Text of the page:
Past platform and infrastructure transitions across these different IT eras have shown us some well-recognized patterns. One pattern, in particular, is that software abstraction and automation consistently emerge as first design principles behind nearly all successful platforms.

The mainframe to client-server transition during the late ’70s and ’80s disaggregated strict batch processing workflows and time-share computing down to end-user PCs and their networked, back-end servers. Similarly, web-based platforms from the ’90s saw a massive transition to mobile and on-demand cloud platforms enabled by incredible innovations in virtualization, silicon, and SoC technologies. Today, with tens of billions of devices coming online across low latency networks and near ubiquitous, cheap, and unlimited computing power available just a few clicks away, we see incredible data-driven digital transformations occur across all forms of industry. Recent advances in machine learning/AI technology ‘stacks’ are re-imagining our user interfaces’ with voice, image recognition, and virtual reality (AR/VR).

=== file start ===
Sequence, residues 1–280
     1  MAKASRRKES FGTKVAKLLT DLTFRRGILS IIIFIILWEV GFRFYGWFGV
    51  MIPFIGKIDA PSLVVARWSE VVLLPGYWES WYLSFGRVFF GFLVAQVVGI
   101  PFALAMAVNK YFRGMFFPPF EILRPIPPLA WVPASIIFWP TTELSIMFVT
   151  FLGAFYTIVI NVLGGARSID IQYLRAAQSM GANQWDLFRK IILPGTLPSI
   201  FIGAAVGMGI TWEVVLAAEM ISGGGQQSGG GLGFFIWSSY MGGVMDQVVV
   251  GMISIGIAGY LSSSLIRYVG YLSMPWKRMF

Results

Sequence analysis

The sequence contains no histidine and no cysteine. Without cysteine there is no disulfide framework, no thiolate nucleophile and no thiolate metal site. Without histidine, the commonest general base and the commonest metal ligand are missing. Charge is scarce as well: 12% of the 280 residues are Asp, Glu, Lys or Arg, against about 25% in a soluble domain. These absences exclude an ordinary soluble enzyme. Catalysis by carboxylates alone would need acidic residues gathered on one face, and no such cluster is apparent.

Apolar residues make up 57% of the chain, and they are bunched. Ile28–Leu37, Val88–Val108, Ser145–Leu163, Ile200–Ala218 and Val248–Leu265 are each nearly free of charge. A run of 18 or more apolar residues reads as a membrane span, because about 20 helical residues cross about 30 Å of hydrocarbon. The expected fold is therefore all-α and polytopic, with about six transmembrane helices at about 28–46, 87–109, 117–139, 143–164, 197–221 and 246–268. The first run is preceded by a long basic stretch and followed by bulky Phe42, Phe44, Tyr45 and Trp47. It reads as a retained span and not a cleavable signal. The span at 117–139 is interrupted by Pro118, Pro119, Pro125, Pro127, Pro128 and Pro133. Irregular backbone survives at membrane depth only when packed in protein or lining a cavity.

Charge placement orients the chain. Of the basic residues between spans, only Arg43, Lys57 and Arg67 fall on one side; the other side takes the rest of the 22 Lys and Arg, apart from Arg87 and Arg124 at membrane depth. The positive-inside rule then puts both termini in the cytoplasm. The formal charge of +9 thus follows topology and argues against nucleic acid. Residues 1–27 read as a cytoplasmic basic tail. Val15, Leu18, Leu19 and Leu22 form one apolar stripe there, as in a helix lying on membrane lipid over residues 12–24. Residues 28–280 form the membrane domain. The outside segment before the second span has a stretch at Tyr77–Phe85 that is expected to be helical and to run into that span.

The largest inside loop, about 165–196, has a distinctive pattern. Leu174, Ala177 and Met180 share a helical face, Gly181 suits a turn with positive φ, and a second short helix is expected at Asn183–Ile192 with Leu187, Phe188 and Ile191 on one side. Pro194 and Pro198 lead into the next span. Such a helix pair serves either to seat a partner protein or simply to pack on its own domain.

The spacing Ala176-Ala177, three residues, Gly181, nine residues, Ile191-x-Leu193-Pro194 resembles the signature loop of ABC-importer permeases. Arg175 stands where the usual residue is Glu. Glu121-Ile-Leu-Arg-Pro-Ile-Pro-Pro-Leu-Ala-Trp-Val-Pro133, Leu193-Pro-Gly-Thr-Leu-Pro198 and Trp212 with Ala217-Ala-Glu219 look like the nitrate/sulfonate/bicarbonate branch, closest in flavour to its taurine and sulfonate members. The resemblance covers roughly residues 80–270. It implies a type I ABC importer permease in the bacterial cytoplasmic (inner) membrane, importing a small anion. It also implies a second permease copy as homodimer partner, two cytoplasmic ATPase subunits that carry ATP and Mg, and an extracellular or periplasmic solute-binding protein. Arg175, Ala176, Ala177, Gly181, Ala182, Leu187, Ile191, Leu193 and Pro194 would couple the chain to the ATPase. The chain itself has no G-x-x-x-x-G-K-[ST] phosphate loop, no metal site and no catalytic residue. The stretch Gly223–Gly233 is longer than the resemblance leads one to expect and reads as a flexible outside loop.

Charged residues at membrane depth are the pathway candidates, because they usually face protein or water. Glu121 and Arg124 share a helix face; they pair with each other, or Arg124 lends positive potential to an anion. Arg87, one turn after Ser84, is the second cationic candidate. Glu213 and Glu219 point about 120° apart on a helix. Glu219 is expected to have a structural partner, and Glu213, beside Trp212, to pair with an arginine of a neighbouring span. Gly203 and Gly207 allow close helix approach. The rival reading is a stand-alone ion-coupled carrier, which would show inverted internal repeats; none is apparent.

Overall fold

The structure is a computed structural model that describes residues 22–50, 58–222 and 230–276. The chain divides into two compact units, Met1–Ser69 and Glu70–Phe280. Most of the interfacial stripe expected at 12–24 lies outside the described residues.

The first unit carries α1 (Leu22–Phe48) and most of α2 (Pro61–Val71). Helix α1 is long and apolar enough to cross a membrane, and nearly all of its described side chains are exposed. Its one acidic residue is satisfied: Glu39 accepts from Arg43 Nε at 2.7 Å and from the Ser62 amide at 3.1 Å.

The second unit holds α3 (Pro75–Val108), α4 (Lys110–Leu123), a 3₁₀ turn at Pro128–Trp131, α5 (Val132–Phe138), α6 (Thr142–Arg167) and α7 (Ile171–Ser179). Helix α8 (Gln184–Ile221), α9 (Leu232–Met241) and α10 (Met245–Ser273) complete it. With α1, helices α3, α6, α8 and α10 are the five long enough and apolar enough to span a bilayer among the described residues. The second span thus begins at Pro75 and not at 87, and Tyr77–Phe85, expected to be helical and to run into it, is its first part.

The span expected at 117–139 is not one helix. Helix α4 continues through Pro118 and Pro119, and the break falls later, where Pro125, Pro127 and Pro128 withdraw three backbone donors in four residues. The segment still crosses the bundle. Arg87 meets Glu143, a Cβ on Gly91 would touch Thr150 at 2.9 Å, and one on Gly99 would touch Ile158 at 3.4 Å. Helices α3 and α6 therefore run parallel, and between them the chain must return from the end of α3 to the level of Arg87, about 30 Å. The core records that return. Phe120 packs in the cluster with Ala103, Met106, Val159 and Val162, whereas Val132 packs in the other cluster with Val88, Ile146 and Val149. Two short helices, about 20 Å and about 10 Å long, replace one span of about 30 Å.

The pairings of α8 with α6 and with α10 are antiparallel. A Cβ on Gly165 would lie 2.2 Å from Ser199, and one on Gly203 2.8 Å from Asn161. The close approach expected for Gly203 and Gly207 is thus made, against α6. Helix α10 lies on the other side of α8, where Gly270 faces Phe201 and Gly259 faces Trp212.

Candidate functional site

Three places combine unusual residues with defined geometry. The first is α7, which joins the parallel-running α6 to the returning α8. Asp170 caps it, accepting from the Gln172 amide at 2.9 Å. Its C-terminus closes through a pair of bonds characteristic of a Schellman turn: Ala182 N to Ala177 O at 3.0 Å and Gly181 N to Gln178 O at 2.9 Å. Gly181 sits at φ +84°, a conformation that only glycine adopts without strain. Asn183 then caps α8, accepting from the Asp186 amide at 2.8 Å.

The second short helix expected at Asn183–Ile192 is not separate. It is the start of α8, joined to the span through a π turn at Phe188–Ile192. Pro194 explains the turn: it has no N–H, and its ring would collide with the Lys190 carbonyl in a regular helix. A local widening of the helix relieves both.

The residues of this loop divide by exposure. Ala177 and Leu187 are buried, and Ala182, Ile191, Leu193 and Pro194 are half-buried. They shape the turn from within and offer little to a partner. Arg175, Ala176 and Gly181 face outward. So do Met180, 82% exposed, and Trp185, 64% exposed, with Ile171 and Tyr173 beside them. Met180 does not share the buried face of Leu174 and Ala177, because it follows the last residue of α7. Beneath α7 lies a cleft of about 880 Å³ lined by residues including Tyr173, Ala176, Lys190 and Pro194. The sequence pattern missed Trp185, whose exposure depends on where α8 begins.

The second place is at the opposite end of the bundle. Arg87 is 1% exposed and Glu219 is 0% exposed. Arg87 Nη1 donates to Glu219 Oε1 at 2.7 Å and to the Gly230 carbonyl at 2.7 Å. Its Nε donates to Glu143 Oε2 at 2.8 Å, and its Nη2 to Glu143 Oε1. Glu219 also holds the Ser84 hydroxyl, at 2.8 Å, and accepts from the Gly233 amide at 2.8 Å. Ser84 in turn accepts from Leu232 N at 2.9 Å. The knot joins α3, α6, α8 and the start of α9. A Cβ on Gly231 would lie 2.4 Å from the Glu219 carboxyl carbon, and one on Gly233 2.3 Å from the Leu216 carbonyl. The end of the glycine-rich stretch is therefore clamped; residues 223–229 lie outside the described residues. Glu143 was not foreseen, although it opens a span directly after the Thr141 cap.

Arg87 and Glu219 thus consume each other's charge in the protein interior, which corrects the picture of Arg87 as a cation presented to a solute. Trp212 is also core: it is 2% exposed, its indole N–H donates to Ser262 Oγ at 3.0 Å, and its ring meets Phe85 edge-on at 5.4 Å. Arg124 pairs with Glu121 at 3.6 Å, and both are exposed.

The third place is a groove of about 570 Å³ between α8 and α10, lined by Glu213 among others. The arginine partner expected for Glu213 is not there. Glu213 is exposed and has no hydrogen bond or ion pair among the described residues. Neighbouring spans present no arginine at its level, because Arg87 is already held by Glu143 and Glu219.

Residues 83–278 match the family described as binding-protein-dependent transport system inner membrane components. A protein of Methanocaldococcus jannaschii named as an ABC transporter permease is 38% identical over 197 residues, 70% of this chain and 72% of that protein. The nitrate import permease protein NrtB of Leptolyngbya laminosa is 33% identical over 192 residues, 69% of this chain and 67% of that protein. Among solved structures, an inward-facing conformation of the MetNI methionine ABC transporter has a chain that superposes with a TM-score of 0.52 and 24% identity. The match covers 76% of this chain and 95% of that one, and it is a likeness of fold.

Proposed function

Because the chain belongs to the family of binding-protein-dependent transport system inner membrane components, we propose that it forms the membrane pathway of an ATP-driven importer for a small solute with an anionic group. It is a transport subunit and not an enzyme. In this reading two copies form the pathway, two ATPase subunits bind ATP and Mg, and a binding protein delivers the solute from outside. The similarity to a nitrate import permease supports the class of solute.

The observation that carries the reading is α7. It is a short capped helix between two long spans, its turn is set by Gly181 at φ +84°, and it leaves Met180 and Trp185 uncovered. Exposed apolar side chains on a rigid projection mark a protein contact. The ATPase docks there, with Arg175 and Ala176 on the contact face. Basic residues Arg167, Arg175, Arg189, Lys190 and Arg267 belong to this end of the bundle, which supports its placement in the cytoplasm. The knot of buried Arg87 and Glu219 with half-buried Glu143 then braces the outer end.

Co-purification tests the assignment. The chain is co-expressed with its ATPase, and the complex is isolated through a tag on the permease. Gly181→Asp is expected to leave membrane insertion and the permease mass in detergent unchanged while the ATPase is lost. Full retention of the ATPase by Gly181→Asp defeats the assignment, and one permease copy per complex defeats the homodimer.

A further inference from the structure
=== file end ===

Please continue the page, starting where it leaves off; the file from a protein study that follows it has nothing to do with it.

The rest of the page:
One of my favorite examples where these software abstractions and automation patterns manifest themselves is in the history of accounting and business/financial software.

For several thousand years of human history, business processes and workflows of accounting practices remained unchanged until 1494, when Venetian merchants introduced the double-entry bookkeeping system, and accounting ledgers and journals became the norm. From then on, the accounting profession would remain mostly unchanged and entirely paper-based until the ’70s. There was little technological advancement in the trade other than perhaps the quality of ledger paper and ball-point pens!